As India celebrates RamNavami the birth of Lord Rama today with love, faith and devotion for their great hero Ramchandra an avatar of Lord Vishnu, the central character of the famous Indian epic ‘Ramayana’, we take you on an epic journey in the life of this divine ruler of Ayodhya.

As depicted in the great epic Ramayana, it was Lord Rama the epitome of all that is good and true, who vanquished the demon king Ravana, after Lord Brahma received complaints from all the gods about the havoc that Ravana was wreaking on earth. According to epics, Ravana after being granted many boons by Lord Brahma became overconfident as he could not be killed by a god, and never expected to be attacked by a human being. So Lord Vishnu agreed to go to earth in the guise of Prince Ram, the son of King Dasharath and Queen Kaushalya.

Not just a hero, but given the status of a god by the Hindus, his birth is celebrated year after year with great pomp and enjoyment on the ninth day after the new moon in Sukul Paksh (the waxing moon), which falls sometime in the month of March or April.

Enthusiastically celebrated not only in Ayodhya and Pondicherry, two places closely connected with the events of the Ramayana, the Ramnavami festivities are celebrated all over India, on the ninth day of the waxing moon in the month of Chiatra. The festival centers on the birth of Rama or Ramchandra who is known for his values, justice and over all his love towards his brothers and his subjects and Ramrajya (the reign of Rama) was an era marked with great peace, prosperity and wealth.

Celebrations begin with a prayer to the Sun early in the morning. At midday, when Lord Rama is supposed to have been born, a special prayer is performed with people singing devotional songs in praise of Rama, images of him in a cradle to celebrate his birth are seen everywhere. Rathyatras or chariot processions of Ram, his wife Seeta, brother Lakshman and devotee Hanuman are held from many temples while people gather in thousands on the banks of the sacred river Sarayu for a dip. A strict fast  is also observed and is broken only at midnight. In many parts of India, satsangs are organized by cultural committees to commemorate the birth of Lord Rama with the congregation of devotees singing bhajans, and chanting mantras in the praise of the God or listening to legendary stories. A thali used for the performance of the pooja would typically contain prasad and other items necessary for the ritual, including roli (sacred tilak), rice, lota (container filled with water), flowers, a bell, earthen lamp or deep and a conch, and everyone in a family takes part in the puja. After the puja is over, prasad is distributed among all the people gathered for the worship of Lord Rama.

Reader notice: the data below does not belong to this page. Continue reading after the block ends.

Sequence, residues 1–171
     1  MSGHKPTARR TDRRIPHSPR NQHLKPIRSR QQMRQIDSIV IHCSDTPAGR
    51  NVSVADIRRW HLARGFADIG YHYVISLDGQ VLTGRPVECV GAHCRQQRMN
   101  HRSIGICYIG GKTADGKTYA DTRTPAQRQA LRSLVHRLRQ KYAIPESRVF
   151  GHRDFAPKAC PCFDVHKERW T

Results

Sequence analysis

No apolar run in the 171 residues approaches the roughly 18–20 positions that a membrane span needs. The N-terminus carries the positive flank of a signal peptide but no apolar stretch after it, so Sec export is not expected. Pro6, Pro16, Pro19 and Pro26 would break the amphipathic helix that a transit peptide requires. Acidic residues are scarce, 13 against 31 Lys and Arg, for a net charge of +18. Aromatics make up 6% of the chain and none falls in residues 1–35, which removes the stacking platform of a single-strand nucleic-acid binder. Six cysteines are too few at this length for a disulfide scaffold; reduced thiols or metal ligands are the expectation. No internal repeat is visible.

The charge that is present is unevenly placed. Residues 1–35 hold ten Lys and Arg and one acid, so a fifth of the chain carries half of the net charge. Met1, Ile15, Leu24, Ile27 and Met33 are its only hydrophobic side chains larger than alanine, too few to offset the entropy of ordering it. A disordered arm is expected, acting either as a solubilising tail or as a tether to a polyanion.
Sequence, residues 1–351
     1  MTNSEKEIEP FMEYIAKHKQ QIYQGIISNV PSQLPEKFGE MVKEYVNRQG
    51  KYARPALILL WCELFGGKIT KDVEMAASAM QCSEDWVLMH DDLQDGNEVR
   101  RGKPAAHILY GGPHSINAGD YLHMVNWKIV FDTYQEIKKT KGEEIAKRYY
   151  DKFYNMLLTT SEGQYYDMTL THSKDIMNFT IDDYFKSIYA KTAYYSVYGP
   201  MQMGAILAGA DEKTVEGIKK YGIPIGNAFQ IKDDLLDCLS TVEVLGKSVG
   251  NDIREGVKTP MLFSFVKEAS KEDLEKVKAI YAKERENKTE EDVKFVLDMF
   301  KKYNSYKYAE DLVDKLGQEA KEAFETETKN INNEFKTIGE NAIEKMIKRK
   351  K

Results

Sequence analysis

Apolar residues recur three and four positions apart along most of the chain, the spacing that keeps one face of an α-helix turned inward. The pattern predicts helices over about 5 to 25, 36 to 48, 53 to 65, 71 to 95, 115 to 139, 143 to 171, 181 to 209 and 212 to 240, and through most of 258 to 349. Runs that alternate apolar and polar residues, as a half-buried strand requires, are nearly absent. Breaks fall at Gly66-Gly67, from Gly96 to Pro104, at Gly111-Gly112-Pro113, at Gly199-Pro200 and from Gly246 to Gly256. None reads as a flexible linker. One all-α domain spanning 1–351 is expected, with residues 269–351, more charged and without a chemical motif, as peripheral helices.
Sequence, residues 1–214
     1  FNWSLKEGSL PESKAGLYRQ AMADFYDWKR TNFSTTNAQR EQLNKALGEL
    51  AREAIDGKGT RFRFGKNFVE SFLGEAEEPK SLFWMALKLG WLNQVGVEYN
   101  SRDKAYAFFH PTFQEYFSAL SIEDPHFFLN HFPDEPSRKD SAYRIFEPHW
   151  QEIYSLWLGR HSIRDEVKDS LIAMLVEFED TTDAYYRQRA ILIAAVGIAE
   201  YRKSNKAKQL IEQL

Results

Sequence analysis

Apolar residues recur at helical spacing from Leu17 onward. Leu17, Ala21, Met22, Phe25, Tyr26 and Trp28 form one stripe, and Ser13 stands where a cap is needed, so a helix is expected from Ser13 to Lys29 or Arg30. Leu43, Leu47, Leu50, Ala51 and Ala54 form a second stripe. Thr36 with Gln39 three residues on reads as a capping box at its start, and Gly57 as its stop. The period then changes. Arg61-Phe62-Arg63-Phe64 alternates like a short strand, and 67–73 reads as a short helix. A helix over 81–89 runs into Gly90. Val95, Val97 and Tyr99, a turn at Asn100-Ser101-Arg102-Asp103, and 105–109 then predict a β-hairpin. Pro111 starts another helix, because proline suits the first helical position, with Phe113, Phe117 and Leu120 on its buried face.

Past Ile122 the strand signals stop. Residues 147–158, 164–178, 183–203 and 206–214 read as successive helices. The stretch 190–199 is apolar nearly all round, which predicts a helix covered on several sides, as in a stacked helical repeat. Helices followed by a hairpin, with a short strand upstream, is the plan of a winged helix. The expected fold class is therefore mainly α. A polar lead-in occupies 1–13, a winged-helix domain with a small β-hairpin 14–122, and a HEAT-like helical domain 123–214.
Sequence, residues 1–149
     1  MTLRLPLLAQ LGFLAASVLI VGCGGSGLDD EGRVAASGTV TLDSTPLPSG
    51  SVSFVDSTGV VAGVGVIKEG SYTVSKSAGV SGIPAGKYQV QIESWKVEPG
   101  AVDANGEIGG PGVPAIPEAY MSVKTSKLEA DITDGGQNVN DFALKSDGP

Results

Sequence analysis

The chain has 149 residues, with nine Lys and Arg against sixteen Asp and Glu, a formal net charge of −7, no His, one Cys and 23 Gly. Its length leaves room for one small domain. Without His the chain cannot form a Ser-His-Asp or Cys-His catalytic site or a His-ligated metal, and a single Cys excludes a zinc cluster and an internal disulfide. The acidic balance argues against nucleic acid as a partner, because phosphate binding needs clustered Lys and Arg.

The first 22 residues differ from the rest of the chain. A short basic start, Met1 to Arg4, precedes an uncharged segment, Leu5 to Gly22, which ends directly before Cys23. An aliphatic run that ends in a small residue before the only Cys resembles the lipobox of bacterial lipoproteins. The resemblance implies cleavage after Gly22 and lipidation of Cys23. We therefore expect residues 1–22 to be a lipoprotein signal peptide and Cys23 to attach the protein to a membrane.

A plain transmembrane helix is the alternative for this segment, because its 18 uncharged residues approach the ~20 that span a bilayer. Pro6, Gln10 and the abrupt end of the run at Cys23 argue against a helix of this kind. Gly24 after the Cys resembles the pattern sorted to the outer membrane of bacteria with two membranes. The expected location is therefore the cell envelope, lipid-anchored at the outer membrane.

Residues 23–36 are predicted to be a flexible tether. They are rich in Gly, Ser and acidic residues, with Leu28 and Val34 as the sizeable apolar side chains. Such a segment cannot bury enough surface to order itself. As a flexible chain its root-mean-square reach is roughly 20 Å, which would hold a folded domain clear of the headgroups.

In northern India especially, an event that draws popular participation is the Ramnavami procession. The main attraction in this procession is a gaily-decorated chariot in which four persons are dressed up as Rama, his brother Laxman, his queen Sita and his disciple Hanuman. Several other persons dressed up in ancient costumes as worn by Rama’s soldiers accompany the chariot. The procession is a gusty affair with the participants shouting praises echoing the happy days of Rama’s reign.

While in the south in many temples, Kalyanam’ (a ceremonial wedding) is performed by the temple priests, a sweet drink prepared by mixing jaggery with ginger and pepper called Panakam is a specialty of Ram Navami in southern parts of India. The dish is prepared as a prasad. It is first offered to the deity, and then distributed amongst the devotees. When the idols of the deity are taken in a procession, the devotees often play with water and colors, to mark the birth of the God.

Even present-day traditions point out to clues which unmistakably point to the origin of Ramnavmi as lying beyond the Ramayana story. There is some link between Lord Rama and Sun Worship.

Many royal dynasties portrayed symbols of virility like the Sun, Eagle, Lion etc. as their progenitor. The Sun is considered to be the progenitor of Rama’s dynasty, which is called the Sun dynasty (Raghukula or Raghuvamsa, Raghu means Sun and Kula or Vamsa mean familial descendant).

Rama is also known as Raghunatha, Raghupati, and Raghavendra etc. That all these names begin with the prefix Raghu is also suggestive of some link with Sun worship. The hour chosen for the observance of the lord’s birth is when the sun is overhead and is at its maximum brilliance.

Another point to be noted is that Sri Ramnavami occurs at the beginning of summer when the sun has started moving nearer to the northern hemisphere

Significantly, the ancient Egyptians termed the sun as Amon Ra or simply as “Ra”. In Latin the syllable Ra is used to connote light. For example, we have Radiance – emission of light, or Radium, which means any substance emitting light or brilliance. The common element is the syllable Ra that in many languages is used to derive words for describing Sun or light

.The occurrence of this syllable in most names used for Rama along with other clues is strongly suggestive that the festival Ramnavami antedates the R- ayana and it must have originated much before the Ramayana, as a ‘Sun-festival’ for invoking the Sun who was recognised as the source of light and heat even in ancient times.

The importance of the Sun was much more in the higher latitudes from where the Aryans are supposed to have migrated into India. Many royal dynasties portrayed symbols of virility like the Sun, Eagle, Lion etc. as their progenitor. Rama’s dynasty was considered to have descended from the Sun. This could have led to the tagging on, of Rama’s birthday to a festival devoted to the sun.

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